Following a four-month jury trial in London, a Southwark Crown Court jury acquitted six defendants of charges including fraud and conspiracy stemming from alleged manipulation of the London Interbank Offered Rate (LIBOR). While the acquittal represents a loss for British prosecutors, it does not appear likely to deter future LIBOR prosecutions in the United Kingdom or the United States.

Tasked with prosecuting serious or complex fraud, bribery and corruption crimes in the United Kingdom, the Serious Fraud Office (SFO) alleged that Colin Goodman, Danny Wilkinson, Terry Farr, James Gilmour, Noel Cryan, and Darrell Read—all former London-based brokers at financial services firms—conspired to fraudulently manipulate LIBOR rates. LIBOR—the average interest rate at which banks can borrow unsecured funds from one another in the London market—plays a role in derivative contracts as well as mortgage and credit card rates, among other things.

As alleged by the SFO, these six defendants conspired with former bank trader Tom Hayes to improperly extract additional profits for themselves out of the manipulation of the LIBOR rate. Hayes was previously convicted of conspiracy to defraud in August 2015 for his role in the alleged LIBOR scheme. His sentence, initially set at 14 years, was later reduced to 11 years.

The acquittals represent a setback for prosecutors in the lengthy and complex SFO investigation and prosecution of those caught up in the LIBOR scandal. Reversing a prior decision by his predecessor not to investigate, SFO Director David Green initiated the investigations by accepting the LIBOR matter on July 6, 2012. In response to the jury’s acquittal, SFO Director David Green defended his agency’s decision to take the cases to trial: “The key issue in this trial was whether these defendants were party to a dishonest agreement with Tom Hayes. By their verdicts the jury have said that they could not be sure that this was the case. Nobody could sensibly suggest that these charges should not have been brought and considered by a jury.”

As SFO Director David Green’s remarks suggest, the verdict is by no means the end of the SFO’s LIBOR-based criminal prosecutions. An additional trial of individuals charged with manipulating U.S. Dollar LIBOR in the U.K. is scheduled to begin on February 15, 2016. The SFO will begin another trial of other individuals charged with the manipulation of the Euro Interbank Offered Rate (EURIBOR) on September 4, 2017. To date, the SFO has charged 19 individuals as part of its ongoing investigation, and there are no indications that the investigations will cease, notwithstanding the recent verdict.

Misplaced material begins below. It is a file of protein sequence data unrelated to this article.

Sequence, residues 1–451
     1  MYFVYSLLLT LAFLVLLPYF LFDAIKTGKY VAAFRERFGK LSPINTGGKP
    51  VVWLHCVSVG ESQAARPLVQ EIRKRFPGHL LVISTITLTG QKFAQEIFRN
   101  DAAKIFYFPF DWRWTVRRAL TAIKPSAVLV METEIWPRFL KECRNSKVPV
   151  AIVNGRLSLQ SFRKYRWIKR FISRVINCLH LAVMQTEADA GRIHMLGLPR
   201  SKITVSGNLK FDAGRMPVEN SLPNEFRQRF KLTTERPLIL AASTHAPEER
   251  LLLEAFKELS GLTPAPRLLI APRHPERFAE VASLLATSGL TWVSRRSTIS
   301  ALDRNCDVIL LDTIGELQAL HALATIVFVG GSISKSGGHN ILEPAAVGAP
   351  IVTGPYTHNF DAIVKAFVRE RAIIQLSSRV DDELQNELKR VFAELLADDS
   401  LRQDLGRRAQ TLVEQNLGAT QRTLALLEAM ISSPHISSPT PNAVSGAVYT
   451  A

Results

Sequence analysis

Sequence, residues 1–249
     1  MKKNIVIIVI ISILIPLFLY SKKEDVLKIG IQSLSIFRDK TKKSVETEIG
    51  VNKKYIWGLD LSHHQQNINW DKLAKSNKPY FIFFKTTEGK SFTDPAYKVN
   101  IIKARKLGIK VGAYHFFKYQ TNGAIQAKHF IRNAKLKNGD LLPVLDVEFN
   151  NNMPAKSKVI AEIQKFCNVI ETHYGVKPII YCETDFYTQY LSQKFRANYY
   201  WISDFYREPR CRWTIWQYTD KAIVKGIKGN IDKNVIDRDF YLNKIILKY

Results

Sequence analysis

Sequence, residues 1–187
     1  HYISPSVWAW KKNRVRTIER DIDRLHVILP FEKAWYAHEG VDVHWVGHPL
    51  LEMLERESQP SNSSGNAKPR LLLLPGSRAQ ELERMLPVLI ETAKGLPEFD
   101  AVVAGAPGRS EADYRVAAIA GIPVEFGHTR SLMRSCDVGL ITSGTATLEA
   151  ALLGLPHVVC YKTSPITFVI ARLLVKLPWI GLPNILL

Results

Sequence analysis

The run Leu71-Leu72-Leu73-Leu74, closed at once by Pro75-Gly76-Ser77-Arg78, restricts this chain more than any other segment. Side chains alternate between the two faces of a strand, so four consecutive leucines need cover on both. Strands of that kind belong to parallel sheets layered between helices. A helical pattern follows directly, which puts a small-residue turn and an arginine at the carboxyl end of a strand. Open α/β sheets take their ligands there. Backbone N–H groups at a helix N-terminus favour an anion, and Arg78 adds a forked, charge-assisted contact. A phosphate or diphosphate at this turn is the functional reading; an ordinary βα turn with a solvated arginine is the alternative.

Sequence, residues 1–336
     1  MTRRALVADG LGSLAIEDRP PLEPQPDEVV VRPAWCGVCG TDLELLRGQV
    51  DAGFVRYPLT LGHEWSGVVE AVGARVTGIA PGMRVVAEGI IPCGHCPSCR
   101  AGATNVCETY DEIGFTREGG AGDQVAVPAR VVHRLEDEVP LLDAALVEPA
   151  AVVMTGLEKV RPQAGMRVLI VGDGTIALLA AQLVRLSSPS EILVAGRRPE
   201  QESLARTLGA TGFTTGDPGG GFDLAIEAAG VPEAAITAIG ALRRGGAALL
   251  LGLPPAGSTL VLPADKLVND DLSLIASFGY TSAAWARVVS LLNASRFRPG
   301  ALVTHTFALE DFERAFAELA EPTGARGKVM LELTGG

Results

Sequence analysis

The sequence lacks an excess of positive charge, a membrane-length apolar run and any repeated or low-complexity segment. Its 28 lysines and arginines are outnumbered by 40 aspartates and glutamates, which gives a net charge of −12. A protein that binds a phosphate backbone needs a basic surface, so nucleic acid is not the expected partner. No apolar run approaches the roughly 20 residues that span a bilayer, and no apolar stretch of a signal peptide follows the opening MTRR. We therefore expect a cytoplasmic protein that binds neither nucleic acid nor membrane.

The alleged LIBOR-fixing scheme’s impact and resulting prosecutions stretch beyond the United Kingdom. In the United States, federal authorities have successfully investigated and prosecuted a number of alleged LIBOR manipulators. The first guilty verdict in U.S. LIBOR trials was reached in November 2015 by a federal jury in Manhattan. The jury in that case found that two former traders at a global bank—one of whom served as its former global head of liquidity—were guilty of a broad conspiracy to fraudulently manipulate LIBOR submissions to banking associations. During that case, prosecutors presented extensive documentary evidence, including e-mails, purporting to show the defendants actively participating in rate fixes. Sentencing for these two U.S.-based defendants is scheduled for March 2016. Three other individuals charged in the U.S. have pleaded guilty before trial, and four others currently have LIBOR-related criminal actions pending against them.

At present, the LIBOR manipulation scandal has yielded several high-profile prosecutions of not just individuals, but also corporations. The investigations have spanned across jurisdictions and included assistance from, among others, the Financial Conduct Authority, City of London Police, the U.S. Department of Justice, and the Commodity Futures Trading Commission. As a result of the unprecedented level of cooperation among government authorities in various jurisdictions, resolving the criminal prosecutions has meant unprecedented settlement payments and fines levied against some of the world’s largest financial institutions.

For example, U.S. and European regulators fined a global bank $1 billion for its role in the alleged scheme. Multiple other large financial institutions have either pleaded guilty to or settled claims for their roles in the alleged LIBOR scheme. Penalties and fines associated with resolving these claims have ranged from $450 million for the first such publicly-disclosed agreement in June 2012, to as high as $2.5 billion for others.

While the six acquittals in the Southwark Crown Court case represent a meaningful setback for British prosecutors, the net effect on both individuals and corporations embroiled in the LIBOR scandal cannot be overstated. Moving forward, public officials have repeatedly reaffirmed their resolve to prosecute both the individuals and the corporations whom public officials believe should shoulder responsibility for their roles in the scandal. The fallout from the LIBOR-manipulation accusations should also serve as a cautionary tale for businesses and their management, emphasizing the need for effective compliance controls, monitoring, and investigation.